There are many reasons to pursue a doctoral degree in the human services field. Perhaps the most important one has to do with the appeal of the field of human services itself. However, there are three specific reasons to earn a Doctor of Philosophy (PhD) in Human Services.
A human services PhD can open many doors of opportunity. The field is extremely vast, and the broader the field, the more professional options there are to apply your human services doctoral education.
According to Wikipedia, “the field of Human Services is broadly defined, uniquely approaching the objective of meeting human needs through an interdisciplinary knowledge base, focusing on prevention as well as remediation of problems, and maintaining a commitment to improving the overall quality of life of service populations.” This definition includes job functions that underlie an almost endless array and diversity of fields and economic sectors.
This reason leads to another appeal of a doctorate degree in human services. A human services doctorate can be combined with just about any prior degree in order to extend your professional competence in broader directions. Human services doctoral students may have prior degrees in areas as diverse as psychology, law, health and wellness, gerontology, to name a few, and these merely represent a handful of the fields under the human services domain.
If you’re currently working in the field, attaining a human services doctorate can open doors without limiting further career options. While some doctoral degrees offer a fairly narrow range of professional applications, for example a doctorate in clinical psychology, a human services doctorate offers a host of different fields and professional subspecialties open to pursue. It’s an ideal option if you want to conduct research, consult, teach or any combination thereof. The competencies gained can be applied in your immediate profession in order to expand your professional paths toward internal and external career opportunities.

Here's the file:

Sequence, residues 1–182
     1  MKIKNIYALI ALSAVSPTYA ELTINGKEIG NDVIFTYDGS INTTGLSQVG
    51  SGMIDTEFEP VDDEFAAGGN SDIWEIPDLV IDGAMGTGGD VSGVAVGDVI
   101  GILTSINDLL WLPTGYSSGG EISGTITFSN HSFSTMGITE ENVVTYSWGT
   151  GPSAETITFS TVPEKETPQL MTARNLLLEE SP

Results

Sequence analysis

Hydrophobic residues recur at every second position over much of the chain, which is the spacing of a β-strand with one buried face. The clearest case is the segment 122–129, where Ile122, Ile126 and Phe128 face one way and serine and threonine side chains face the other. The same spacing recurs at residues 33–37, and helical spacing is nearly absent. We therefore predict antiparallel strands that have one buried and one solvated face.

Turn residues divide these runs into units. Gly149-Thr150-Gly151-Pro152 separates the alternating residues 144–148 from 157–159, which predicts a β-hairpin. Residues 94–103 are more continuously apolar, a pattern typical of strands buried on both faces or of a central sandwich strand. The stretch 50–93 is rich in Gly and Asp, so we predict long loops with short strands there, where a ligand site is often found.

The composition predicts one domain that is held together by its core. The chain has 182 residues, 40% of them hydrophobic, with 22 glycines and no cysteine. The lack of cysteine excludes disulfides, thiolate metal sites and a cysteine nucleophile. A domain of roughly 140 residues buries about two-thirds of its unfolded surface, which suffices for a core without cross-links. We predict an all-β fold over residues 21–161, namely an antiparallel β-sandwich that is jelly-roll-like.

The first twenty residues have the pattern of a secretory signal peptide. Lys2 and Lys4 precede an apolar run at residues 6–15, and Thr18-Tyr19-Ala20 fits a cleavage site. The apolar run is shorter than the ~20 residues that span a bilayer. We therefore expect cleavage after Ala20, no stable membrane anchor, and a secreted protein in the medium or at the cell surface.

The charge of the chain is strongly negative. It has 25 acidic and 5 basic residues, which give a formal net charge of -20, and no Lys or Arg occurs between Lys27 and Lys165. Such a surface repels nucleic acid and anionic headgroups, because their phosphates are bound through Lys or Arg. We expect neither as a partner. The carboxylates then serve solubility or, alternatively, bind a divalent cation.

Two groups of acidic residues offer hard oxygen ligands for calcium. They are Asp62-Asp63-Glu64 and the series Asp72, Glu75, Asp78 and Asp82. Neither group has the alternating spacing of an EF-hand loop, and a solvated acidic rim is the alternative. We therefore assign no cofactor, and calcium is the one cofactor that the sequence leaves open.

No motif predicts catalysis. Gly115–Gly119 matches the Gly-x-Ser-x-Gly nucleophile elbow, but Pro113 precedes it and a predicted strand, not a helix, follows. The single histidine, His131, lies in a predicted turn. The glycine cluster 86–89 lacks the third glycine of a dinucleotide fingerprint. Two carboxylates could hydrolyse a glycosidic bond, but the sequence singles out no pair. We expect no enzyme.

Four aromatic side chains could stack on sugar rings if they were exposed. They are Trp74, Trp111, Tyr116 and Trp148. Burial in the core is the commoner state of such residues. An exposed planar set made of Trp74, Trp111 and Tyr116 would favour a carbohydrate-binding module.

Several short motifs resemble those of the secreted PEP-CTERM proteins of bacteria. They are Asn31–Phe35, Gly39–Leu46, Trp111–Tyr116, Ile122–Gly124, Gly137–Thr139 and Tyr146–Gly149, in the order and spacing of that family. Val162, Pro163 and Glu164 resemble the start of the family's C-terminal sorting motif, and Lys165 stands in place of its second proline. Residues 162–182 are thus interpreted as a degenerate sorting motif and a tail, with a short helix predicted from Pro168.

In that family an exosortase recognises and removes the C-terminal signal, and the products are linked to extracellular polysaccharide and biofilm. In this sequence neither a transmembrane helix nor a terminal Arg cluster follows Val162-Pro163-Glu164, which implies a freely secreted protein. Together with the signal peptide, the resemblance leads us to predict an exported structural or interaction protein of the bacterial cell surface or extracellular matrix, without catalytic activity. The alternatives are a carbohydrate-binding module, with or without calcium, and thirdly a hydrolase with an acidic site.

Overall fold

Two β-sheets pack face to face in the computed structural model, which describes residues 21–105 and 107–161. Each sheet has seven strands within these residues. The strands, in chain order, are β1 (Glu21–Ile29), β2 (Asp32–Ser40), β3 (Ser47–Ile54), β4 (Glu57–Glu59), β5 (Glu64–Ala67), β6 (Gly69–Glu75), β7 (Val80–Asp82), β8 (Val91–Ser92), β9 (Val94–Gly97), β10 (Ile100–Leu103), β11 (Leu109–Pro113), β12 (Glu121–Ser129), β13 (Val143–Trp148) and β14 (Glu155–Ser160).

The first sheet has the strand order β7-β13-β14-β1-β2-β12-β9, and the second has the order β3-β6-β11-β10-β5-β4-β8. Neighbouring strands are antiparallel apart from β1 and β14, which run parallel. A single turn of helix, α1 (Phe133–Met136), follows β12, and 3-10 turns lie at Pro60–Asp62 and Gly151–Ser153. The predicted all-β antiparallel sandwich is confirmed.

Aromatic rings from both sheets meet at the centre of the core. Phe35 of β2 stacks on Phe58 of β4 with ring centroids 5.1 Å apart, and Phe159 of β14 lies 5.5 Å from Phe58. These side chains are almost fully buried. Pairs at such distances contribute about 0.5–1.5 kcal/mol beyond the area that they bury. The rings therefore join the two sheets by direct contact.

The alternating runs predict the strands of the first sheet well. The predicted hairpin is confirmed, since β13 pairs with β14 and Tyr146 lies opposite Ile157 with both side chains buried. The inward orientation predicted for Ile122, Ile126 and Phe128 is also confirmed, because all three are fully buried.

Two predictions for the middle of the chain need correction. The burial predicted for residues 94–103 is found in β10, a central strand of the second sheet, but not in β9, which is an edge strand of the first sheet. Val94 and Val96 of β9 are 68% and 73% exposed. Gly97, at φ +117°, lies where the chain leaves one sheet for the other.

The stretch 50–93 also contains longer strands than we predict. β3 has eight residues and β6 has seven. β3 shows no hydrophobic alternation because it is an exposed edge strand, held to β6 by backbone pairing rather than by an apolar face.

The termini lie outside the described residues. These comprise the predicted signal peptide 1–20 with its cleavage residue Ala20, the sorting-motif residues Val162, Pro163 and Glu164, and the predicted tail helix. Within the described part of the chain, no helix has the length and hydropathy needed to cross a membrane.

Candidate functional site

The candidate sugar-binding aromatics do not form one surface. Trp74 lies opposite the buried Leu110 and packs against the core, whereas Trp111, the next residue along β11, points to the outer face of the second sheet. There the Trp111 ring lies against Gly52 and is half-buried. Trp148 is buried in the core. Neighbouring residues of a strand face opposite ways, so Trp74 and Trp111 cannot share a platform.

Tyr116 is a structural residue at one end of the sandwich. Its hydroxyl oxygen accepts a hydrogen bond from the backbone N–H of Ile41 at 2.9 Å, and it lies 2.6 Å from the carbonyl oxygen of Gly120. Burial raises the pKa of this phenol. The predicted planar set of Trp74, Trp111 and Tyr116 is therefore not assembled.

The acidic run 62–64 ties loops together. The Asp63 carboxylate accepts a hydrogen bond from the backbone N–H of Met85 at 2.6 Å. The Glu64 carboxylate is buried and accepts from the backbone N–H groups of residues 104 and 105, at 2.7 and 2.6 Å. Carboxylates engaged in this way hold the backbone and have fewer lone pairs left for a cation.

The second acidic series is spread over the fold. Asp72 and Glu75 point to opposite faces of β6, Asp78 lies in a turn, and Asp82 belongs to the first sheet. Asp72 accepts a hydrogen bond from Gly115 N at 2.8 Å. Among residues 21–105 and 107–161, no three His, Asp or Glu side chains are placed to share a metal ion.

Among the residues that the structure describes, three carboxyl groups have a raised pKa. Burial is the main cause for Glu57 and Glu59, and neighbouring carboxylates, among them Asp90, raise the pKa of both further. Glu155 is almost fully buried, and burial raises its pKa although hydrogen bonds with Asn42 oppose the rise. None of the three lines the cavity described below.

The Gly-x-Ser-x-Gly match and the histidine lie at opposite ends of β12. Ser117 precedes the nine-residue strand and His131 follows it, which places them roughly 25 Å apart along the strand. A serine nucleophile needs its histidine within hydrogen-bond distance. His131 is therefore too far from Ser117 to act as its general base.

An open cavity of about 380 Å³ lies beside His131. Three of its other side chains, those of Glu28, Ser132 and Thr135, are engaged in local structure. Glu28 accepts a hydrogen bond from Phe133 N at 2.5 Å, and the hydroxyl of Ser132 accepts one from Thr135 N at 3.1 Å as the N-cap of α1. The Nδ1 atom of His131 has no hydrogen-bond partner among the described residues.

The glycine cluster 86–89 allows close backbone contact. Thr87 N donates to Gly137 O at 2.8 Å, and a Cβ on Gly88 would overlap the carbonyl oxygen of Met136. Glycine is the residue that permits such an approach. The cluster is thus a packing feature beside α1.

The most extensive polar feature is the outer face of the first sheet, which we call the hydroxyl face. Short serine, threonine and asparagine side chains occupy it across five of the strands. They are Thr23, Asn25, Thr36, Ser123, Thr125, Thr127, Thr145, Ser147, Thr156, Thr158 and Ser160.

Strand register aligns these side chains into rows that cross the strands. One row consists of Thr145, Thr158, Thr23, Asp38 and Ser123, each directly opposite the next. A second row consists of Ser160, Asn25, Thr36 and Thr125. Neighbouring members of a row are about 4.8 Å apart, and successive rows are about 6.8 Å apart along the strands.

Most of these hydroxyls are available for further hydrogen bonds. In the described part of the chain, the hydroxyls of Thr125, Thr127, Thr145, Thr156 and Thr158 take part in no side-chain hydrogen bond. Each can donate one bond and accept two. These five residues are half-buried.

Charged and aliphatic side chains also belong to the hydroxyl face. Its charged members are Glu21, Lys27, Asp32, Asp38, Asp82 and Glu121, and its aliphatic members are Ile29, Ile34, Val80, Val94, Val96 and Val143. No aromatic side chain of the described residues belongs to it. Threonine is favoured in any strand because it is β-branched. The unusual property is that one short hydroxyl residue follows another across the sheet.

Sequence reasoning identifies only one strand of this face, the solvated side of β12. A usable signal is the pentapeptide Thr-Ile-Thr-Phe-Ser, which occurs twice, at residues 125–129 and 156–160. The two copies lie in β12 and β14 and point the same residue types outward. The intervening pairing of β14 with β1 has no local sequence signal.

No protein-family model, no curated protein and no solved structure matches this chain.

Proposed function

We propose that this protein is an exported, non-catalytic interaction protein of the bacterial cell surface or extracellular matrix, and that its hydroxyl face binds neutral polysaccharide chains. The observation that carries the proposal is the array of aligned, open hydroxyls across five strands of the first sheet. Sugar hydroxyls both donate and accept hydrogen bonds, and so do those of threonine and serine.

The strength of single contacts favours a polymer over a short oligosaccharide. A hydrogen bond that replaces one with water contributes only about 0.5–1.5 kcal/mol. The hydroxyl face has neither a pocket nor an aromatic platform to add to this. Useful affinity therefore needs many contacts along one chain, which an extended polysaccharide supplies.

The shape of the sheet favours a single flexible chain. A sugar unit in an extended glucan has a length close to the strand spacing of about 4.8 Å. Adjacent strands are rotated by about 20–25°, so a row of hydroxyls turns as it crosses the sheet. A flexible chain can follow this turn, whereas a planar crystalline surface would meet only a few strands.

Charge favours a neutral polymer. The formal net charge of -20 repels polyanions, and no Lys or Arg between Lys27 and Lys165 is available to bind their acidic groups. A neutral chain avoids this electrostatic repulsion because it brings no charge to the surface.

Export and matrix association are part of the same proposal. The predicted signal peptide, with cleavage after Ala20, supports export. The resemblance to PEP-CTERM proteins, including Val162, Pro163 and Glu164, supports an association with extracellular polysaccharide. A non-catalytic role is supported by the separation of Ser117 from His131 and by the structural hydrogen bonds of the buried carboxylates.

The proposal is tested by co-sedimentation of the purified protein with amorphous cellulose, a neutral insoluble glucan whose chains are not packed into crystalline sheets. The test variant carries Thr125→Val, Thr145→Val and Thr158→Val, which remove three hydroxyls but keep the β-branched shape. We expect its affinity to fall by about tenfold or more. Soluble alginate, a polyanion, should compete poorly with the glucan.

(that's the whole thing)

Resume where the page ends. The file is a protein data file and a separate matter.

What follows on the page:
NOHS further defines the human services profession as one “which promotes improved service delivery systems by addressing not only the quality of direct services, but also by seeking to improve accessibility, accountability, and coordination among professionals and agencies in service delivery.” Consequently, a doctorate in human services equips you with the research skills and theoretical knowledge base to work as an agent of change directly in your profession, whether through consulting, program evaluation, research, or leadership.
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Growth and Expansion
Finally, the field of human services is growing and evolving rapidly. Privatization and other cost-saving initiatives are leading to new opportunities in many human services sectors. Technological advances continually offer new ways of delivering services, as well as new methods of working with data to improve quality and health outcomes. Research advances in areas such as mindfulness, neuroplasticity, and self-compassion are leading to new interventions to improve the wellbeing of clients and human services professionals alike, not to mention a proliferation of new job opportunities in health and wellness. With that said, it’s an exciting time for the human services field.
If you are interested in pursuing a doctoral degree and have a desire to gain opportunity and knowledge and be part of an expanding field, become an agent of change with a Doctor of Philosophy in Human Services. Learn more about why a doctoral degree in human services is right for you. Contact an UAGC advisor today.
Written by Eric Muenks, program chair for the PhD in Human Services